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GeoVisions Blog

Participant Stories

Live Like a Local: Become an Au Pair

Posted by Samantha Van Natta | Dec 5, 2015 6:52:16 PM

"If you want to live like a tourist, travel. If you want to live like a local, become an au pair."

--Samantha Van Natta

Q: Why did you decide to become an au pair, why Italy?

 

A GeoVisions au pair in Italy in front of a church. Samantha says she had an amazing time exploring Italy while working as an au pair.

I was always involved with my sorority, so I never had a chance to study abroad while I was in college. After graduating, I still had a strong desire to travel so I started looking into different programs. After speaking with a friend had just been an au pair in Italy, I was convinced to apply through GeoVisions.

Q: Tell us about your host family and a typical day.
GeoVisions matched me with the most perfect family. My "family" consists of my "mom", Elena, my "dad", Marco, and their four children, Federica (15), Matilde (13), Tommaso (9), and Edoardo (3). The children are very athletic. They participate in Athletica, which is similar to track and field, and they are professional level skiers. Another wonderful aspect of living with this family is the grandparents play an active role in the children's lives. So, I get to interact with their extended family every day.

One of the children being cared for by a GeoVisions au pair in Italy. Samantha made quick connections with her host family, even thought she spoke little Italian.

A typical day for me begins at 7:30. I wake up the boys, help them get ready for the day and drop them off at school at 8:30. Then, I get a coffee at the cafe across the street and head home. From 9:00-12:50, I have time to myself. During this time, I usually practice yoga, read, and write in my journal. At 12:50, I go to pick up the girls from school. Then, we go to their great-grandparent's house or their grandparent's house for lunch. They are all wonderful cooks here and lunch is enjoyed in courses for about an hour.

I always leave the table full but content. Then, I help the girls with homework or simply converse with them in English before I go to pick up the boys from school. We arrive home at 4:30. Edo goes to his great-grandparent's house. On Monday, Wednesday and Friday, I take the kids to Athletica from 5pm-7pm. While they are practicing, I am also able to exercise. It's wonderful to have time to keep healthy. Before we return home, we pick up Edo and then at 8pm we eat dinner. Rita, their housekeeper, prepares dinner so I have plenty of time to focus on caring for the kids. My day usually ends at 9:00pm. I call my family and friends and go to bed.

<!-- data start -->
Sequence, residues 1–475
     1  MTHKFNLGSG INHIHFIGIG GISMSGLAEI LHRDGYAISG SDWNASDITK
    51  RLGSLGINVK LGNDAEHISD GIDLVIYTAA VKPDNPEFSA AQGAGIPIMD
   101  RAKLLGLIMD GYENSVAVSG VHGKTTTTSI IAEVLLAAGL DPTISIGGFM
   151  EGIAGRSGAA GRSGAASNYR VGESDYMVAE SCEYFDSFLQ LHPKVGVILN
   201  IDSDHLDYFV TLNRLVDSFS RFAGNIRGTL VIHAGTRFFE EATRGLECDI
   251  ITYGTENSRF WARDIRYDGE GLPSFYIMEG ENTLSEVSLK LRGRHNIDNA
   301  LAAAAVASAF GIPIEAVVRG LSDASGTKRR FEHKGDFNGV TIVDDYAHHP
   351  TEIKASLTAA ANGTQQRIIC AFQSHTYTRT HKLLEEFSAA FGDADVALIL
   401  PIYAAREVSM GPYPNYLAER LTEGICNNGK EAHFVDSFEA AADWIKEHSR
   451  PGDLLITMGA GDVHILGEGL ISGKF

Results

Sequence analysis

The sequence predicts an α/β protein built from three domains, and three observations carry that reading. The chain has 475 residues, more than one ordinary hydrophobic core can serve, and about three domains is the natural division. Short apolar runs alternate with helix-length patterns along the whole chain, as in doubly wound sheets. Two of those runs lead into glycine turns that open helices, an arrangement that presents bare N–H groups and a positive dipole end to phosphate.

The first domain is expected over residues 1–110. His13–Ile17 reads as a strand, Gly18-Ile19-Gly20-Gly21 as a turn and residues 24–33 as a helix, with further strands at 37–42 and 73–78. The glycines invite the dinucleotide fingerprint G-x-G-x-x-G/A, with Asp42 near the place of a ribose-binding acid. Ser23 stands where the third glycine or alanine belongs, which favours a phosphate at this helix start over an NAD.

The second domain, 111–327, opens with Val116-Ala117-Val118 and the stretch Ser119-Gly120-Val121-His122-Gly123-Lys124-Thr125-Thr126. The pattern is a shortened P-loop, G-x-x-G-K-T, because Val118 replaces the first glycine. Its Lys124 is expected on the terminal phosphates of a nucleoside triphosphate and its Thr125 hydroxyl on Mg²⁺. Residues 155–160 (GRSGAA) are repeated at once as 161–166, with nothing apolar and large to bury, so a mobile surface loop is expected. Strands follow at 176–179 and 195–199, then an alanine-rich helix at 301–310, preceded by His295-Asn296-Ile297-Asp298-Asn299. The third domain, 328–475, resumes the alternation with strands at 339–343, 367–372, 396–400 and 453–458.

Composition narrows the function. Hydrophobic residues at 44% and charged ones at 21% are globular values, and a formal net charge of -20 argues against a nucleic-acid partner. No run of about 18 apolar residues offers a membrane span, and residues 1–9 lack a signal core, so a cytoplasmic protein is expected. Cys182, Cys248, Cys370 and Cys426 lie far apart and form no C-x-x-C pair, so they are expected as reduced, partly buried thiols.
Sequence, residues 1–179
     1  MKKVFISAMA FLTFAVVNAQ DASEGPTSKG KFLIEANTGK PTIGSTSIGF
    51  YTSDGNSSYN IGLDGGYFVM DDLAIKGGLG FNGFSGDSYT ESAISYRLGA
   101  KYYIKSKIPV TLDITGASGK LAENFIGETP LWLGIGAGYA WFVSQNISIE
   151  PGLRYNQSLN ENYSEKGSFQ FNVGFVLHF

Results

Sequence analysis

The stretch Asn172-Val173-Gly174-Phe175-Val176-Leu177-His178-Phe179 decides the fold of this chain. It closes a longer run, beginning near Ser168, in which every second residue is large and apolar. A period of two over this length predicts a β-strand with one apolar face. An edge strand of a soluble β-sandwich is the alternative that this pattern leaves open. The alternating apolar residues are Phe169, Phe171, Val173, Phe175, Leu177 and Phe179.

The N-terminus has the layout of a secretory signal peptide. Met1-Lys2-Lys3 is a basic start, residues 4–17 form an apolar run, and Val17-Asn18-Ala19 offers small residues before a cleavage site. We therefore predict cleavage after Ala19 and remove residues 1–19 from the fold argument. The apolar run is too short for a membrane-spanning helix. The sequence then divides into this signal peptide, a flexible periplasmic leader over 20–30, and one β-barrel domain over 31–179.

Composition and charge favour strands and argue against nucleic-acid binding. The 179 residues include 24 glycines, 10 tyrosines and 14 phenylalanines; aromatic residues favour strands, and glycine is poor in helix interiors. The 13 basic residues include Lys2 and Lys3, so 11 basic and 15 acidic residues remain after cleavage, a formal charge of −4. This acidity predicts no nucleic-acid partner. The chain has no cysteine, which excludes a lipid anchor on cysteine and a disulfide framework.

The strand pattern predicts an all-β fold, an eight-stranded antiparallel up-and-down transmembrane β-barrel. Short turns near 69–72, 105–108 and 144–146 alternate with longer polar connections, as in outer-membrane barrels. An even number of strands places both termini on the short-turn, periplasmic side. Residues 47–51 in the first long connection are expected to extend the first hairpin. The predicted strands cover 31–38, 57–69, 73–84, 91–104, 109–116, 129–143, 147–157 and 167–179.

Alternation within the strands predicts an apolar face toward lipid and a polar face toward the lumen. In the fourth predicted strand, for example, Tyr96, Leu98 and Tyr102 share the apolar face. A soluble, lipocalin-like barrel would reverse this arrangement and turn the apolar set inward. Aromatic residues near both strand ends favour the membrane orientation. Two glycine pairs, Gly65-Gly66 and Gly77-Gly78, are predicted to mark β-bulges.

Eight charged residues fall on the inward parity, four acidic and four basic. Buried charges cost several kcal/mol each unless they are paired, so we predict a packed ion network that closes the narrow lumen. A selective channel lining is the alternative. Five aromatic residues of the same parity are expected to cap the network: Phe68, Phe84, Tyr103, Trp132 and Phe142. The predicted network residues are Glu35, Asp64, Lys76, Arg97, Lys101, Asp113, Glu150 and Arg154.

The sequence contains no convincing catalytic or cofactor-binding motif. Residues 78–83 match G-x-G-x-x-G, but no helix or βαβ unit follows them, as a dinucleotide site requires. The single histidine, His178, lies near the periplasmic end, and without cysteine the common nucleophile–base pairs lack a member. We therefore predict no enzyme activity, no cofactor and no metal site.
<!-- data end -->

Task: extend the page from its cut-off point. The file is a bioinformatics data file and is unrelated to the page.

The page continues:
Q: Where have you traveled around Italy?

au pair

Elena and Marco work long hours during the week but the weekends are for family fun. On Fridays, we often go downtown for special events. My favorite was the chocolate festival! On Saturdays, we stay at home during the day. Nonna makes a big lunch for everyone and then later we usually go to Elena and Marco's friend's house for dinner. Sunday is family day and it is always spent out of town. We have traveled to Genova, the Seaside of Liguria, Torin, and many little towns in between. One time, we even went chestnut hunting in the forest!

Q: What advice for others thinking of this program?

The family pets in a family in Italy where GeoVisions has an au pair.

Even if you don't speak the language, you can still be an au pair. Don't let the language barrier hold you back from communicating. You can get creative with body language or draw pictures. After two months in Italy, I could understand what people were telling me even if I couldn't fully express myself in Italian. Of course, if you have time, learning the basics can make your experience even better. Also, try new foods! In Italy, they eat foods that I was not used to eating at home such as octopus, anchovies and liver. I tried them all and actually enjoyed them. You never know until you try!

Au Pair Abroad enjoying an Italian icee.

Q: Do you find Italy to be gluten free friendly?

Italy is extremely gluten-friendly. I think it's the best country to travel to for people with Celiac Disease or gluten intolerance, like myself. Most Italians know a lot about food so, in general, they will be able to modify recipes as needed. I also printed out twenty copies of a "gluten-free card" that explains my condition and what foods I can and cannot eat in Italian. I gave a copy to everyone that cooked for me and carried extra copies in my purse for when we ate at restaurants which was extremely helpful. Additionally, almost every store here has a special "gluten-free" aisle. Just look for the words, "senza glutine." Since I am also allergic to corn and intolerant to dairy, that has made it a bit more difficult for me. Thankfully, we found a gluten-free specialty store downtown that sells pasta made with only rice. Also,  I was surprised to learn how much of food here is naturally gluten-free. I can eat risotto, gluten-free pasta with many different pasta sauces, potatoes, cured meats, fish, fruits and vegetables, eggs, and dairy-free desserts such as gelato, chocolate, hazelnut cake and granita.

Speaking of food, here's a recipe for homemade tomato sauce my host family loves.  Buon appetito!

Ingredients:
1/2 shallot, minced
1-2 tbsp extra virgin olive oil
2 sage leaves, torn
1 sprig of rosemary, minced
1/4 cup tomato sauce
Salt, to taste
Rice spaghetti, cooked al dente

Heat olive oil in a small saute pan.
Add shallots and cook until tender, about 2 minutes.
Sprinkle in herbs and add the tomato sauce.
Add salt to taste.
Simmer sauce for about 5 minutes.
Meanwhile, cook your pasta in salted water until al dente.
Drain pasta and add to the saute pan.
Mix with the sauce and heat until hot.

Written by Samantha Van Natta

Au Pair in Italy

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